All true, but remember that broadest reasonable interpretation (BRI) is applied in IPRs. The patents that could become zombies have not been tested under the interpretation they would get in federal courts, a Phillips interpretation. At least one group of patent clams has been specifically identified by the Federal Circuit Court of Appeals as likely valid under Phillips, and only invalid because of BRI. In IPC Broadband, Inc. v. Corning Optical Comm’ns. RF, LLC, the court considered three groups of claims of three patents. 815 F.3d 734, at 734 (Fed. Cir. 2016). The PTAB considered all claims obvious. The Federal Circuit affirmed on most claims, because “th[e] case hinge[d] on the claim construction standard applied.” Id. at 741. While the court would not have held for a PTAB claim construction if it were applying Phillips, the difference between Phillips interpretation and BRI determined obviousness, for all but a few claims that had express limitations consistent with what would have been Phillips interpretation for all claims, if interpretation could have been according to Phillips.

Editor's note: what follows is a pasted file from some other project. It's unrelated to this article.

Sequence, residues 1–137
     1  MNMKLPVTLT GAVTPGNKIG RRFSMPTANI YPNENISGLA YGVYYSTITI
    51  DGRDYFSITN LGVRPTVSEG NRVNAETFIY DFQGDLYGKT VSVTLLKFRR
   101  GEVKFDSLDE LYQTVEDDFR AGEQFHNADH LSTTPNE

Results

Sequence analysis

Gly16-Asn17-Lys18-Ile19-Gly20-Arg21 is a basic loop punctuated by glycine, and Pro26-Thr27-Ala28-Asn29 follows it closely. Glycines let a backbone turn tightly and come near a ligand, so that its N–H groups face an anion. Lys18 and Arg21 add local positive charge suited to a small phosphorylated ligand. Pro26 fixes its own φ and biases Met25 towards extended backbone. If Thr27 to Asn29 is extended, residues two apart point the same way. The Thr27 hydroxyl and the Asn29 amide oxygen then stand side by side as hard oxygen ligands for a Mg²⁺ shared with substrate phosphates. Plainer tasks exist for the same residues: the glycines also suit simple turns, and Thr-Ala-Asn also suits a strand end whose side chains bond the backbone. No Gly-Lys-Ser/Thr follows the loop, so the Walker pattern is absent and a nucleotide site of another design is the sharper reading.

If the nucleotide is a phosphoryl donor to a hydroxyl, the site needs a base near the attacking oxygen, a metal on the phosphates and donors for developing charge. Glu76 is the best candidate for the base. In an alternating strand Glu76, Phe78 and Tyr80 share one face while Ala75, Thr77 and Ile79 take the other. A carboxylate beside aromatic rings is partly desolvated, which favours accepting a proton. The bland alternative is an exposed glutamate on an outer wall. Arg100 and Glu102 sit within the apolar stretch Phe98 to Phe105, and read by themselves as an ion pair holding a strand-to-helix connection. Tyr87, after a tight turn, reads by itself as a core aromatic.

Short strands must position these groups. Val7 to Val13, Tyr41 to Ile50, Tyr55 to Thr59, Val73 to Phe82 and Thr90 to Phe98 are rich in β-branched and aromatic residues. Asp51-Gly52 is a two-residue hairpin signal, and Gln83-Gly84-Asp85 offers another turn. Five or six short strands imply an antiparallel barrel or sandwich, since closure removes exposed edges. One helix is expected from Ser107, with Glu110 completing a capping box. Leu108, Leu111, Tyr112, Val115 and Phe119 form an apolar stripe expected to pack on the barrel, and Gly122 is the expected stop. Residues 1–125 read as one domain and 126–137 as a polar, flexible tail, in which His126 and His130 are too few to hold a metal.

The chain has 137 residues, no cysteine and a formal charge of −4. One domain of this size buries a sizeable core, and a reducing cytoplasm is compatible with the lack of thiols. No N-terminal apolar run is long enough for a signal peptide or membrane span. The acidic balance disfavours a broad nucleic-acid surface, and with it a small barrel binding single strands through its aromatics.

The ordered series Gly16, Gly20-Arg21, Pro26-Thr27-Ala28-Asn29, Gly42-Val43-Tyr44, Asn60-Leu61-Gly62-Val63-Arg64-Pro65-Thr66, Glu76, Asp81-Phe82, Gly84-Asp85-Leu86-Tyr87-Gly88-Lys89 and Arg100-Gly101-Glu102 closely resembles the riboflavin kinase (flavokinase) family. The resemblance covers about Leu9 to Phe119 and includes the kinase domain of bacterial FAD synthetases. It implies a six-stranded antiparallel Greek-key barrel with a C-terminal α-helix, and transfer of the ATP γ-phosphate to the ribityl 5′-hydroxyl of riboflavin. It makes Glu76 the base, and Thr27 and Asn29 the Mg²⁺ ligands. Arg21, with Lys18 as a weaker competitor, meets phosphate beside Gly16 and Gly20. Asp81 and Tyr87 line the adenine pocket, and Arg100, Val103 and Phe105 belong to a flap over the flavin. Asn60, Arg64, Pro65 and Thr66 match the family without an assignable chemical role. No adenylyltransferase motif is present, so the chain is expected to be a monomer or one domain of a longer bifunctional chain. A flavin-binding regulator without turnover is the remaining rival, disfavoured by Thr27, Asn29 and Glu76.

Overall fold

The IPC patent owner could assert validity, and perhaps many more patent owners than the one in IPC could assert the validity of their patents under Phillips.
Will there be zombie patents? Yes, at least one, from Oil States, maybe three more from IPC, and possibly many more. If many more, yikes! The dead are alive!